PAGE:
Federal Retirement Thrift Investment Board, Washington, voted unanimously Wednesday to pause its implementation of plans to shift billions of dollars in retirement assets to an index fund that includes Chinese companies, citing the COVID-19 pandemic and newly nominated board members.
In 2017, the board decided to shift the $593.7 billion Thrift Savings Plan's I Fund benchmark to the MSCI ACWI ex-U.S. Investible Market index from the MSCI EAFE index. The new index was made up of about 8% Chinese companies, as of Sept. 30, according to an Aon Hewitt Investment Consulting study presented to the board in October. Aon recommended the board switch to the MSCI ACWI ex-U.S. IMI index in 2017 and reiterated that recommendation last fall.
As of Dec. 31, TSP’s I Fund had $54.3 billion in assets.
Facing calls from Capitol Hill to reverse its decision, the board in November decided to move forward.
But on May 4, President Donald Trump nominated three people to the five-member board that, upon Senate confirmation, could lead to a new majority.
Then on Monday, two letters were sent from administration officials regarding the I Fund shift — one from Larry Kudlow, director of the National Economic Council, and Robert O'Brien, national security adviser, to Labor Secretary Eugene Scalia. Another letter was sent from Mr. Scalia to Michael D. Kennedy, chairman of the FRTIB.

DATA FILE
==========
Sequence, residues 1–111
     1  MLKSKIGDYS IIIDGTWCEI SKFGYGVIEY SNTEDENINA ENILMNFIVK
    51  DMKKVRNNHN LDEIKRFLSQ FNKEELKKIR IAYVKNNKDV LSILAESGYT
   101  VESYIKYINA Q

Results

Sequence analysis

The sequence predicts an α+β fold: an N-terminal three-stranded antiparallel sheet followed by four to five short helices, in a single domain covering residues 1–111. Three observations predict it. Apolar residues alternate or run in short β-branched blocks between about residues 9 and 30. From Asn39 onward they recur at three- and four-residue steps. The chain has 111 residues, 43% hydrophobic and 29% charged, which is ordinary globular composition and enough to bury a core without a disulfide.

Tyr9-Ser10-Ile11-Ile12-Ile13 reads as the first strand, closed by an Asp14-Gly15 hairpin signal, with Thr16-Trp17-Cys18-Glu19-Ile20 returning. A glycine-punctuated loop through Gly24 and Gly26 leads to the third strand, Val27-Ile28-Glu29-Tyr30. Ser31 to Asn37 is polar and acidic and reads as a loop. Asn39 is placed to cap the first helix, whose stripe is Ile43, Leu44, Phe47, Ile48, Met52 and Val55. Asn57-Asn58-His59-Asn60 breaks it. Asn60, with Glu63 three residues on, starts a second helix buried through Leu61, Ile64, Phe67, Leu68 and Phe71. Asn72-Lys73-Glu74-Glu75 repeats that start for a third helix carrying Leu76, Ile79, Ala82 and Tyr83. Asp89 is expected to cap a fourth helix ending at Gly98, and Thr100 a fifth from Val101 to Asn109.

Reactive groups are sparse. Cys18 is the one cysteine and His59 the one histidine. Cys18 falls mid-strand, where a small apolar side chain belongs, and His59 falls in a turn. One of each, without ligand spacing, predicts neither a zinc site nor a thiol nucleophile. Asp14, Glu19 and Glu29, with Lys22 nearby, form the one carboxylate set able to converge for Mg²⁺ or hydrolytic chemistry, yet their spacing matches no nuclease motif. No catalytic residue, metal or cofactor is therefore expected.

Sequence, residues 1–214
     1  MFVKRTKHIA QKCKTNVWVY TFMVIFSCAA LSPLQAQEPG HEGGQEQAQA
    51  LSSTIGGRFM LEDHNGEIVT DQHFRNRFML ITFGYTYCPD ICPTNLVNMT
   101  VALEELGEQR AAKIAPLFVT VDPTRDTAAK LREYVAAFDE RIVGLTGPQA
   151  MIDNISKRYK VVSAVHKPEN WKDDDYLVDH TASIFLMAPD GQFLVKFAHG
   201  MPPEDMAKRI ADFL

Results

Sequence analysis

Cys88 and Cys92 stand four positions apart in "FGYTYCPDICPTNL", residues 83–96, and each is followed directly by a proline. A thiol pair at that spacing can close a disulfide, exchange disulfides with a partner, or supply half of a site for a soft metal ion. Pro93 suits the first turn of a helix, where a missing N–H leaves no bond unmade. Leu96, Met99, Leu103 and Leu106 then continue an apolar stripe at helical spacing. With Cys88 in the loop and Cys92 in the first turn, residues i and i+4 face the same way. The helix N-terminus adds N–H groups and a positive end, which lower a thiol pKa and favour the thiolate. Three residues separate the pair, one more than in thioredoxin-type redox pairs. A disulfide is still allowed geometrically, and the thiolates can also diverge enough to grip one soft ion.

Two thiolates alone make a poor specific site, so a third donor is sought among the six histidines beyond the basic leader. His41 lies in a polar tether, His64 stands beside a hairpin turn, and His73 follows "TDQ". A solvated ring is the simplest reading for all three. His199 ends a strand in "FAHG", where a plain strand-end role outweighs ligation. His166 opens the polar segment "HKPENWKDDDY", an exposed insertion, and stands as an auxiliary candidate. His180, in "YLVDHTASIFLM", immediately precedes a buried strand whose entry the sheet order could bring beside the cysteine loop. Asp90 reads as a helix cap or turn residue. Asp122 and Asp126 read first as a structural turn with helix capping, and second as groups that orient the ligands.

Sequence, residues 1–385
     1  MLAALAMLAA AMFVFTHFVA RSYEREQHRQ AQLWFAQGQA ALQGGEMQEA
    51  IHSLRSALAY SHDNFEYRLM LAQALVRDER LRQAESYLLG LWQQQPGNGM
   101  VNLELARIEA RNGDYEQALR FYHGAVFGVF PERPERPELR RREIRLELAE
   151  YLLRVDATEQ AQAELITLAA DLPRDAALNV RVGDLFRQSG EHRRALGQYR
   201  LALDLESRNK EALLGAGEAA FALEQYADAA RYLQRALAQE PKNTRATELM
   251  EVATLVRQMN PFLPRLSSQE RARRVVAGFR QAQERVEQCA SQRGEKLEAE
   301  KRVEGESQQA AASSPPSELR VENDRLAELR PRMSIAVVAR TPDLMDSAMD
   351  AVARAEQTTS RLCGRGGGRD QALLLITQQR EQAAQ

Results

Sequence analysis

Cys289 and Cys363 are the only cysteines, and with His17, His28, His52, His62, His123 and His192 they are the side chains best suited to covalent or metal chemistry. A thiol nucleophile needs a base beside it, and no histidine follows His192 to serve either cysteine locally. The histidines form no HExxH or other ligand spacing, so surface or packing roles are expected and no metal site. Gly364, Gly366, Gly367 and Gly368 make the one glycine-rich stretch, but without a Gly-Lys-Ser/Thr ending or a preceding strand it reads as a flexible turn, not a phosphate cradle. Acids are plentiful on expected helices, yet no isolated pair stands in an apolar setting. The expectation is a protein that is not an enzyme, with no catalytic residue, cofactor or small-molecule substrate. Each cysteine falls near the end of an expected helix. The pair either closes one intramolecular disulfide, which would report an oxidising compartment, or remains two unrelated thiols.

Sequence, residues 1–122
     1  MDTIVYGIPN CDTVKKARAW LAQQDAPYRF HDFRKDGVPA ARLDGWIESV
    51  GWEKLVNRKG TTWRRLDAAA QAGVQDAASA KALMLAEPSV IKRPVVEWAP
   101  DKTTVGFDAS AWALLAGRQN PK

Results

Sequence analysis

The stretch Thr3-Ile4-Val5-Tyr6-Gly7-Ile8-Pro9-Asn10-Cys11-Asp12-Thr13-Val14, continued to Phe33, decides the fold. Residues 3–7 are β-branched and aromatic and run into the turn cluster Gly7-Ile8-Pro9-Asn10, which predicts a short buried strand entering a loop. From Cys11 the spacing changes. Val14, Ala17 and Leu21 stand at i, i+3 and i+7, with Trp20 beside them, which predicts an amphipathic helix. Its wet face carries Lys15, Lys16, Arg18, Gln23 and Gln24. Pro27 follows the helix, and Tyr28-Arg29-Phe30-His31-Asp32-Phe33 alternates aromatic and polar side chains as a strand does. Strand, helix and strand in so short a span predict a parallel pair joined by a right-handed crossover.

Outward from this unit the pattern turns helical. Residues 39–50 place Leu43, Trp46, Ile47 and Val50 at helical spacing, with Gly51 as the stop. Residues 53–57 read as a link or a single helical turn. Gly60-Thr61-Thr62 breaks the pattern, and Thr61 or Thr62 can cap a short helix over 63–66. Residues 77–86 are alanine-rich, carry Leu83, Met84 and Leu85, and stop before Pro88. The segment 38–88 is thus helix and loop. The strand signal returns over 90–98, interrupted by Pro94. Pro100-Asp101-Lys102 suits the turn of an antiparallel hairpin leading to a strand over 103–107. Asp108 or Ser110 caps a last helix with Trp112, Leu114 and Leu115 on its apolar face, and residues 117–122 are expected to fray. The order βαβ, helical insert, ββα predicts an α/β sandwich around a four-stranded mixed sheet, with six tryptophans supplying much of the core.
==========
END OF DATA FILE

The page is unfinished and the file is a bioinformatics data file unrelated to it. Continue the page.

The letters sent Monday also referenced “national security and humanitarian concerns for the United States.”
"At the direction of President Trump, the board is to immediately halt all steps associated with" the I Fund shift, and "to reverse its decision to invest plan assets on the basis" of the MSCI ACWI ex-U.S. IMI index, Mr. Scalia said.
With that backdrop, the board held a special meeting Wednesday and decided to stop the planned implementation, which was going to start around June 1 and take about 90 days, Mr. Kennedy said.
In his recommendation to the board, Mr. Kennedy outlined why he felt it was prudent to pause implementation. "The coronavirus has had an impact on countries and markets all over the world," he said. "It's created a lot of uncertainty and we're not sure that now would be the time to be making a transition to the international fund with investments in emerging markets because those markets are going to be challenged and we're not sure what they're going to look like over the next two or three years."
Mr. Kennedy added: "Secondly, this will allow the new board members to be fully confirmed and be transitioned onto our board and allow them time to do their own due diligence and assessment on the (I Fund) and make the determination on which direction they would like to go."